New York 9/11 museum will close weeks shy of 21st anniversary

The 2001 terrorist attacks saw two hijacked planes hit the World Trade Center, causing both towers to collapse and inflicting thousands of casualties
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Smoke pours from the twin towers of the World Trade Center after they were hit by two hijacked airliners in a terrorist attack September 11, 2001 in New York City.
9/11 Twin Towers
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The 9/11 museum in New York City will close its doors Wednesday, just weeks shy of the 21st anniversary of the 2001 terrorist attacks, due to financial struggles stemming from the COVID-19 pandemic.

Senior administrators told the New York Post that revenue loss from its pandemic closings in 2020 and 2021 had forced the shutdown.

“Two-thirds of our income revenue annually comes from our earned income from admissions,” said museum co-founder Jennifer Adams-Webb. “We were completely closed for six months in 2020. We had been averaging 300,000 visitors a year … and last year we had a total of 26,000 visitors, so it completely annihilated our earned income.”

“There’s no way we’re going to be able to dig out of this at this rate,” she continued. “We need the state or the city to step in with other partners to be able to say, ‘We value you. We want to save this organization,’ but at this point, we can’t continue to dig into a hole.”

The 2001 terrorist attacks, organized by Islamic extremist group Al-Qaeda, saw two hijacked planes hit the World Trade Center, causing both towers to collapse and inflicting thousands of casualties. The U.S. subsequently invaded Afghanistan to dislodge the extremist camps in the country and the Taliban regime harboring the Jihadis.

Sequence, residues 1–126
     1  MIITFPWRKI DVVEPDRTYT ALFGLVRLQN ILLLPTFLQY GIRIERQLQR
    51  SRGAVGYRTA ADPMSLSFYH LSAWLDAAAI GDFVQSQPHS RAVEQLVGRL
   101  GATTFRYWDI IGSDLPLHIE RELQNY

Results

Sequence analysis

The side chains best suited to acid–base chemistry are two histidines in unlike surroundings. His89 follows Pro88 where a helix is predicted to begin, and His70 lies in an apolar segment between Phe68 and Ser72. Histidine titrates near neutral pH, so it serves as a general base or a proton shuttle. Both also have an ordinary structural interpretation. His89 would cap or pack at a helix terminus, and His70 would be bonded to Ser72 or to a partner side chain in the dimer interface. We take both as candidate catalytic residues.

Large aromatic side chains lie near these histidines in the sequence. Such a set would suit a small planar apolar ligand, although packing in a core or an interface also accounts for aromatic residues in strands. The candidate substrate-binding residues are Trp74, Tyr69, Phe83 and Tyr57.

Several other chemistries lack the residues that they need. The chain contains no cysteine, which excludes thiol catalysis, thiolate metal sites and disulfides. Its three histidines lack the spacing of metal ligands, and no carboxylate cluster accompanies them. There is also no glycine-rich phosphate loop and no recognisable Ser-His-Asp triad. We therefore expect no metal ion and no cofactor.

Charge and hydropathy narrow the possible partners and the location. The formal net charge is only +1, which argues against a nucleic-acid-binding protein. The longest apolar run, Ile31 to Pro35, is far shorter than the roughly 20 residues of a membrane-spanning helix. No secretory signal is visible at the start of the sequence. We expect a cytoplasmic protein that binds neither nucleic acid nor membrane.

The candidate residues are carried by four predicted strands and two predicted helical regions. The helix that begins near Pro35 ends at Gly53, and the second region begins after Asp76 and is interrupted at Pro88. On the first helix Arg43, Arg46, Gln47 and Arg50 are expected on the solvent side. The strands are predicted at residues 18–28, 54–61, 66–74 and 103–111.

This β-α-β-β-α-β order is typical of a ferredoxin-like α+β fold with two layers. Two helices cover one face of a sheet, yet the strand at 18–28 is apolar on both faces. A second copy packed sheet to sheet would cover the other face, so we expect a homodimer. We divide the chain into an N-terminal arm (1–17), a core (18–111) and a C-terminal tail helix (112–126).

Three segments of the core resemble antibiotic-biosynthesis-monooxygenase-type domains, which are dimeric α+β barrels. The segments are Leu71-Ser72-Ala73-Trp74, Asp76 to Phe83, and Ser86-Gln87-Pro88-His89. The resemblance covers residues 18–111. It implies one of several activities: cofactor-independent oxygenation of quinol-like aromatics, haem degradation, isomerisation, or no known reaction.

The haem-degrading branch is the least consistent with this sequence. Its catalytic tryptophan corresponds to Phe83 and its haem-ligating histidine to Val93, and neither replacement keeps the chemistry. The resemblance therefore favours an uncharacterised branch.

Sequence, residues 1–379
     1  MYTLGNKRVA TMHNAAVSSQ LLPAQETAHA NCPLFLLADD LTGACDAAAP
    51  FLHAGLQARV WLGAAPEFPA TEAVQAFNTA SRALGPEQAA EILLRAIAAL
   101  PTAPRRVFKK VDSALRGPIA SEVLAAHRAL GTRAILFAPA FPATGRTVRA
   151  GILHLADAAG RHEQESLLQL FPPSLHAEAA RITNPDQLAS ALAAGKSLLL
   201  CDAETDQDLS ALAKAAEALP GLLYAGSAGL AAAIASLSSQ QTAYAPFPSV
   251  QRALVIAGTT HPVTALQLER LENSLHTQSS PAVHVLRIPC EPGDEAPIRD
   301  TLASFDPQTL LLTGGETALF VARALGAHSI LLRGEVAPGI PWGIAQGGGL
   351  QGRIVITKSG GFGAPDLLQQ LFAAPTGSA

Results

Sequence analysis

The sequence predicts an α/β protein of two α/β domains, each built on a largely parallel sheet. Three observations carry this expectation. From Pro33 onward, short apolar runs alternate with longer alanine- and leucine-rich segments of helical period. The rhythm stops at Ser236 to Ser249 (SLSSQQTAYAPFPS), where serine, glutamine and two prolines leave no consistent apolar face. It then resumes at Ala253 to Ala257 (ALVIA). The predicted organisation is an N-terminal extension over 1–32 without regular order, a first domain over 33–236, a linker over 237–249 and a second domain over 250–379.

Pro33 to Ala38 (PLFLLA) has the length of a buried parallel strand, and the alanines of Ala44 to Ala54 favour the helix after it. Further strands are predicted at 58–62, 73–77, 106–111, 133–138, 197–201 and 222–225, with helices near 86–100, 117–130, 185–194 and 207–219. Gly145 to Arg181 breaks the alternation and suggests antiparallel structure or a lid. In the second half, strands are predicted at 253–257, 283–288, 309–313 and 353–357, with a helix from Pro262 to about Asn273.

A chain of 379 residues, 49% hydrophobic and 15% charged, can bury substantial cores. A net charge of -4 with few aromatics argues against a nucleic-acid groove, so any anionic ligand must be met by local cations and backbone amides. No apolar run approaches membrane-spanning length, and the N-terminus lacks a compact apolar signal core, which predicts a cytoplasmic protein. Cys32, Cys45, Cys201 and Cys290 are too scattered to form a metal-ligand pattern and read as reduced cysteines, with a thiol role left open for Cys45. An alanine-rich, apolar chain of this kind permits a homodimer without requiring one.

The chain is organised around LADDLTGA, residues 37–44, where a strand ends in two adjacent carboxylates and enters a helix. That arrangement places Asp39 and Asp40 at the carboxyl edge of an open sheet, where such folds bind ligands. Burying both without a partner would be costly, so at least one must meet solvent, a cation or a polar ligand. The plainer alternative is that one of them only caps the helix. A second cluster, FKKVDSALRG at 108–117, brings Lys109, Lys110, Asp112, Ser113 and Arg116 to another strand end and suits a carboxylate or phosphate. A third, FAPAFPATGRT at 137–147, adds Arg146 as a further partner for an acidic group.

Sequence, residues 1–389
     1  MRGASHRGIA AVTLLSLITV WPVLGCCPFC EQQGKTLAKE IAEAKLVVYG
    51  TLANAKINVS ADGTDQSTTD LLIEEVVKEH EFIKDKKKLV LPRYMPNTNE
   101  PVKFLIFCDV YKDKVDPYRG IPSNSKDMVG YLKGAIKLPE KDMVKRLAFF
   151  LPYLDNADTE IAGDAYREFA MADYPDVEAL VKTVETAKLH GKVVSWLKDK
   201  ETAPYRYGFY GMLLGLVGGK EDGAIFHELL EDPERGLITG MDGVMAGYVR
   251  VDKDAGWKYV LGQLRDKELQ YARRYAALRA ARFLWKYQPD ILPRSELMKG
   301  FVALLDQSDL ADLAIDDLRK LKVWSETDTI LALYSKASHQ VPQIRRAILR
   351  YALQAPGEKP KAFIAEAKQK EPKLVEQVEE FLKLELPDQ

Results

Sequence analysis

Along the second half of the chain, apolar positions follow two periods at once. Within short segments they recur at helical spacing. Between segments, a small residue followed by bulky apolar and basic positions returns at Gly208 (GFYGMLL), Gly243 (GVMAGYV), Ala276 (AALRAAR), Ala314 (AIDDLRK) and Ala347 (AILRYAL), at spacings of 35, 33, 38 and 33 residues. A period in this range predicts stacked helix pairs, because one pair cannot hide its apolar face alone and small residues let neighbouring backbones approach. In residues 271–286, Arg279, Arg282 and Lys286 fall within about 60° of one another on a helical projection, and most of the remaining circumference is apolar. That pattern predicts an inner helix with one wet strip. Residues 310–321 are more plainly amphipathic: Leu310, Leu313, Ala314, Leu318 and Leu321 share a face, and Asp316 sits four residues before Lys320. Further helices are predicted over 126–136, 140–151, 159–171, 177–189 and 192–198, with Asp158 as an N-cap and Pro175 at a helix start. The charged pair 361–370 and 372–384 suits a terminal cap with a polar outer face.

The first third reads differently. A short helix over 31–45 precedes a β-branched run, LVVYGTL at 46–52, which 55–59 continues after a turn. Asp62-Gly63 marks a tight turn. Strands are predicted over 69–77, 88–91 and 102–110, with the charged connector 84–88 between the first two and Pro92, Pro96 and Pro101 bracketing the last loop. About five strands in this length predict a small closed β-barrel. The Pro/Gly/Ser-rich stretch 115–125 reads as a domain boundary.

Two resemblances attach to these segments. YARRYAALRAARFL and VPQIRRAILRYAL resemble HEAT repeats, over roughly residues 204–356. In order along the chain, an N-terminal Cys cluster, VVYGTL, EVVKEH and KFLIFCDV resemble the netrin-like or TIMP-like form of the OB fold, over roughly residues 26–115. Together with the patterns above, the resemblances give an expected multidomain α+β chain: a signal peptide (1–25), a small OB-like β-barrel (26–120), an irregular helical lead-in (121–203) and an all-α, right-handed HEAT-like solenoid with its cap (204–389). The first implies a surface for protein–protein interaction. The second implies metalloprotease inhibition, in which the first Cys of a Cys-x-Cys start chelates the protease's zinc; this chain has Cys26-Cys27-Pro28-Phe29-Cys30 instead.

Twenty years later, the U.S. withdrew and the Taliban retook control of the country. Intelligence reports have since indicated that Al-Qaeda has resumed operations in Afghanistan.

The galleries in the Manhattan museum, which have received more than 5 million guests since they opened in 2006, will transfer most of their collections to the New York State Museum in Albany, the Post reported.

Adams-Webb lamented the museum's closing, but said it had made a significant contribution to the victims and the community over the years.

“We’re very proud of what we’ve been able to accomplish, but... the place for the 9/11 community to come is not here. It’s a huge loss for those people who called this their second home, where they could come and share their story... There’s no museum that has the dual mission we have to support the community and also educate visitors that come here," she concluded.